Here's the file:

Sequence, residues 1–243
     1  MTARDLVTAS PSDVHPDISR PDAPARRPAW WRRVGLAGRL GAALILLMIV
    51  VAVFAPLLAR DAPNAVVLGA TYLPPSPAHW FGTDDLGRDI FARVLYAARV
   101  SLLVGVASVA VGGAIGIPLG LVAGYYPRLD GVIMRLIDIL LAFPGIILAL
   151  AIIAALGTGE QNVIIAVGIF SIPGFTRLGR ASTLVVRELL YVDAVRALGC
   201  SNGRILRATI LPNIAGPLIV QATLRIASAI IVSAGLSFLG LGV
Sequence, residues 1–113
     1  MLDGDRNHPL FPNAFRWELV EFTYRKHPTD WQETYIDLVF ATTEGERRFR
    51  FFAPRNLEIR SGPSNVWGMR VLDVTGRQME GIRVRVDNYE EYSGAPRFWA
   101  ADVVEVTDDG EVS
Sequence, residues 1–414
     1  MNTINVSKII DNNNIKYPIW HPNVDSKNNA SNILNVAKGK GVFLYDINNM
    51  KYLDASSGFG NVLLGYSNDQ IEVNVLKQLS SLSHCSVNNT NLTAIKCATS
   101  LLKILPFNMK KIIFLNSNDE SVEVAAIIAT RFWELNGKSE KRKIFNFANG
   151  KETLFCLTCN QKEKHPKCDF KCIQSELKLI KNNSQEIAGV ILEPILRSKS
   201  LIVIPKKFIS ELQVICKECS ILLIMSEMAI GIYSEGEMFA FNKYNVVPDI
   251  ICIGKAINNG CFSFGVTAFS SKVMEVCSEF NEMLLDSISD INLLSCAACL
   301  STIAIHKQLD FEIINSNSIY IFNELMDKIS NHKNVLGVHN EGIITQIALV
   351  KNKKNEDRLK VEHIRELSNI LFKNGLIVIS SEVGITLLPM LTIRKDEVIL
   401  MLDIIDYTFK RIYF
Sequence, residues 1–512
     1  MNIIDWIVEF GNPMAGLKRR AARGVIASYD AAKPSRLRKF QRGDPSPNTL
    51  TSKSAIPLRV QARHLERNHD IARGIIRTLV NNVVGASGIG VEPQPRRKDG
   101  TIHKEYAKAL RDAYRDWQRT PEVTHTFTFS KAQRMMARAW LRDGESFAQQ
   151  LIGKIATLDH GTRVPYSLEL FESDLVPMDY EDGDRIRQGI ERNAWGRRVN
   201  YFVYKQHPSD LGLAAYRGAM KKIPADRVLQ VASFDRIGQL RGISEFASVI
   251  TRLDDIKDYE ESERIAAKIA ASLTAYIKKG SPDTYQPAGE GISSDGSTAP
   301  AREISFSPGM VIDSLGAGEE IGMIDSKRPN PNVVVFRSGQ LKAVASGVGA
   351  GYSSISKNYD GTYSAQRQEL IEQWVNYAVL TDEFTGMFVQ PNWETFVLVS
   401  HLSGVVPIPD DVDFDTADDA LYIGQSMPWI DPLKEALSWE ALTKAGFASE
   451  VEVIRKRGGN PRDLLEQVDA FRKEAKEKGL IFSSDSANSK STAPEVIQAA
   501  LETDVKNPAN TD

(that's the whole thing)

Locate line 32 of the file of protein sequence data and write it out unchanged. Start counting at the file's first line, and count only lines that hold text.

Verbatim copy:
   501  LETDVKNPAN TD